She stands alone, against a stark horizon
long skirts blowing in the whipping winds
smoke curling from the frame of what was once a house.
Inside lay the lifeless bodies of those she loved,
had loved...strange to think of them in this sense,
as people in her past, now gone.
Weeks ago the red men began to notice them,
first to watch, then - courage growing -
to steal a dress off her wash line, next, a horse or two.
The horses were their life blood, so they’d fought back.
Her husband shot the last one they caught thieving,
and ten red men had come back...
Walking off into the horizon, not knowing why, or where,
no water, or supplies to sustain her on her trek.
Wandering finally into a village of red men and women,
hooting, hollering, touching her to see if she was a ghost.
Finally, one woman takes her hand and gives her a task
busies her hands, not her mind...but it’s what she needs.
She stays with the red people, not caring where she is,
what she looks like, how hard she works.
Some of them jibe at her, but who cares, so they give up.
They call her the stoic woman, and she is accepted -
a part of their lives, a member of their tribe,
and this suits her as she is not really alive, just in limbo.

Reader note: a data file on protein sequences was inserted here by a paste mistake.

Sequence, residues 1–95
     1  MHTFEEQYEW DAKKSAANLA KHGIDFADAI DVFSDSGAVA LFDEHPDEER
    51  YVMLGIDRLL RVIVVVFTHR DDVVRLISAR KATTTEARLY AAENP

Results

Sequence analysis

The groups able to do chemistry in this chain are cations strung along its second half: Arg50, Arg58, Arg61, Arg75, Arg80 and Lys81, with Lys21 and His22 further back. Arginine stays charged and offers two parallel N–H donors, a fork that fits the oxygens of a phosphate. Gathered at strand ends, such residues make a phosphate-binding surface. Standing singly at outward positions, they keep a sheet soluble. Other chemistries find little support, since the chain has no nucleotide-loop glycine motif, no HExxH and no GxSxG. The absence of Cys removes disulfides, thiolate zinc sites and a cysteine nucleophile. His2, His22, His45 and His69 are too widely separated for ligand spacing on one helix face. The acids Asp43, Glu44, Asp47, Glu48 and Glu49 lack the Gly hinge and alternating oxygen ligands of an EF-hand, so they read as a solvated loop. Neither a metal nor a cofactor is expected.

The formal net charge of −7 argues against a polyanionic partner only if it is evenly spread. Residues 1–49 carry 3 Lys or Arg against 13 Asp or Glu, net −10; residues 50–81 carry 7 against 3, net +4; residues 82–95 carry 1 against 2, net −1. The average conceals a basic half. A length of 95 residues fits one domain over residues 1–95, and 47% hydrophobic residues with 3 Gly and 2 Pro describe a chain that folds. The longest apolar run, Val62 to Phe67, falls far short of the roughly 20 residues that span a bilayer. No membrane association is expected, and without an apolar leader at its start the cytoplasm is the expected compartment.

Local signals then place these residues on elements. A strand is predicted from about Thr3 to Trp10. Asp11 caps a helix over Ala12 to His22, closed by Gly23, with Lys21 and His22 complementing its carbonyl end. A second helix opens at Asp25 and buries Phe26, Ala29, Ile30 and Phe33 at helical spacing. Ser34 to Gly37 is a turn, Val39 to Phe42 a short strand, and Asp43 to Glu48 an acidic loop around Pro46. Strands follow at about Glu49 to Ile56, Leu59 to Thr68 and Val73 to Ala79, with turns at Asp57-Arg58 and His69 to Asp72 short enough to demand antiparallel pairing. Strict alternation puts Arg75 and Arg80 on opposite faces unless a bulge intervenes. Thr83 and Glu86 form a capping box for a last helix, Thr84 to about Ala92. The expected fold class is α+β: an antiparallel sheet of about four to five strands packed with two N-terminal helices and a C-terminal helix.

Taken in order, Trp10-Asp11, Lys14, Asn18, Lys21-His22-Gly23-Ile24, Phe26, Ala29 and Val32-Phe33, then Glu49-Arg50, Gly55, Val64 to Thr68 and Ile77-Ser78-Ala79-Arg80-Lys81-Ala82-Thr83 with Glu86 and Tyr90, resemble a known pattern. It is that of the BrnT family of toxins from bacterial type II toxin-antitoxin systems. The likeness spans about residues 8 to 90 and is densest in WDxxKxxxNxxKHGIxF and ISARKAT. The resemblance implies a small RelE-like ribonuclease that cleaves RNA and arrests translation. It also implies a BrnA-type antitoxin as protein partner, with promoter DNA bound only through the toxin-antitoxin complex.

The old crone that gathers herbs leads her off one morning,
they take only what they need, and Stoic Woman learns
about the medicinal value of all they gather.
The old crone is like a mother, she feels at peace,
safe with the wizened old woman,
their lives intertwine and they come to depend on one another.
The old woman sought Stoic Woman out
because she knew it would soon be her time to walk alone.
Her passing awakens great grief in one who never really grieved.
Long nights of wailing, wandering, unconsolable rage...then quiet peace.
Stoic woman takes her place in the village, doctor to the same red people
who once slew her family in a quarrel over horses.
Now Stoic Woman is a legend in the land, for white and red alike,
and many come to see the once white woman
who took up with the red people, accepting their ways.
They don’t realize who she once was, what she lost,
they only see that she is old and bent, white hair flowing
gracefully around her proud head, and they sense that she is indeed ...stoic.
[This message has been edited by Jana Tovey (edited 06-04-2000).]